Restaurant work, reinvented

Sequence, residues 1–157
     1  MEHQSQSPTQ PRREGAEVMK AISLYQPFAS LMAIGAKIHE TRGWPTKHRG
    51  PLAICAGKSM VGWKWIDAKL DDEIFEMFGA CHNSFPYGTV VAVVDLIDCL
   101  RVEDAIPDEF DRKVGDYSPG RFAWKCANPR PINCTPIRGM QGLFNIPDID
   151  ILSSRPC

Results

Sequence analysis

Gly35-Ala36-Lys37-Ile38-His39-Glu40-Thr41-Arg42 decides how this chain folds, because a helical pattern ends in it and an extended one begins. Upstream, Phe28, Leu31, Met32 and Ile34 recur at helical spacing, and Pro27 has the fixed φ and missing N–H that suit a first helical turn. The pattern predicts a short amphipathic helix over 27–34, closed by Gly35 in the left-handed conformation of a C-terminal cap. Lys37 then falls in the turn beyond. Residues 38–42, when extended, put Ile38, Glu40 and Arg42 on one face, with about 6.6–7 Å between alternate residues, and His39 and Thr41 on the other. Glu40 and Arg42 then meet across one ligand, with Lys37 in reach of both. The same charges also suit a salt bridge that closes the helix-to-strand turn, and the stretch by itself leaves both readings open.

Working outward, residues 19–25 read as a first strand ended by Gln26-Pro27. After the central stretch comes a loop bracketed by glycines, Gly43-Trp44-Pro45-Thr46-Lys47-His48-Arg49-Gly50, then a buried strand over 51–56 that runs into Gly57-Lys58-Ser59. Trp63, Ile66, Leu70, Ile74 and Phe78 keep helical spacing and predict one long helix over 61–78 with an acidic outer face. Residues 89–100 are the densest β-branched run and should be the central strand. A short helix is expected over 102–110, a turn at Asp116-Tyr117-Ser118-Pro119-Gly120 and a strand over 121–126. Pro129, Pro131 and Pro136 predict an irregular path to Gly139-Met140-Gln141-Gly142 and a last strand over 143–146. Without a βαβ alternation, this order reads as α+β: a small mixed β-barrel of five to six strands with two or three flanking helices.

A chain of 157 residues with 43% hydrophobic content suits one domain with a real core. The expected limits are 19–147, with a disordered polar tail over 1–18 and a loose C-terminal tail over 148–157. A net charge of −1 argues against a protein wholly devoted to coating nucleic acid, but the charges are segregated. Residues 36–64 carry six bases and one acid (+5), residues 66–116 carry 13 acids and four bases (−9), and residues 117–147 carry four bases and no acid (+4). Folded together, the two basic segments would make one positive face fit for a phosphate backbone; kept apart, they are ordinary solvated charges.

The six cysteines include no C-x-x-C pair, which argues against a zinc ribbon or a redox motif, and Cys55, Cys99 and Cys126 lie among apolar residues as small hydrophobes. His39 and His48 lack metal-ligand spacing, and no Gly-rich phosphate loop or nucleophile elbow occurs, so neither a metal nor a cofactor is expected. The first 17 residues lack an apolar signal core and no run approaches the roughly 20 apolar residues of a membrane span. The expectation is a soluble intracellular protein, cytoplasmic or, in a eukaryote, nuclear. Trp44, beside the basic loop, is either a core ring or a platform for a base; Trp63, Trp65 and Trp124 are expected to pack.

As with so many other aspects of the restaurant business throughout the course of the pandemic, restaurant work is experiencing a period of reinvention – and it’s not all about raising wages. At its heart is the need to manage the work involved in the business so restaurants can offer meaningful roles and flexibly respond to turnover. A recent New York Times report describes how at a number of restaurants around the country, the kitchen hierarchy is being scrapped in favor of a more egalitarian system. This is playing out in a range of ways: At some restaurants, long-time employees are being given profit-sharing opportunities or even a stake in ownership so they have more incentive to commit to the business and help it thrive. At others, responsibilities are being shared more evenly, with employees being cross-trained in functions ranging from events to finance to food preparation – and being given opportunities to contribute ideas regardless of their rank. These steps – which many restaurants took during the pandemic in an effort to survive – are actually good long-term strategies that may make it easier for these businesses to roll with the challenges that come. This will make restaurant teams look different in the future – a smaller crew of higher-skilled employees who can recreate a recipe, manage incoming orders, interact with guests and make financially sound decisions, vs. a larger, more hierarchical team with different skillsets. By elevating the skills of its team, a restaurant can spread its risk more thinly – it won’t buckle if one employee leaves (though employees with meaningful roles are less likely to leave in the first place). Looking at your current staffing approach across your business, have you reverted to pre-pandemic approaches that need to be refreshed? Are there any roles that could be recast for improved post-pandemic resilience?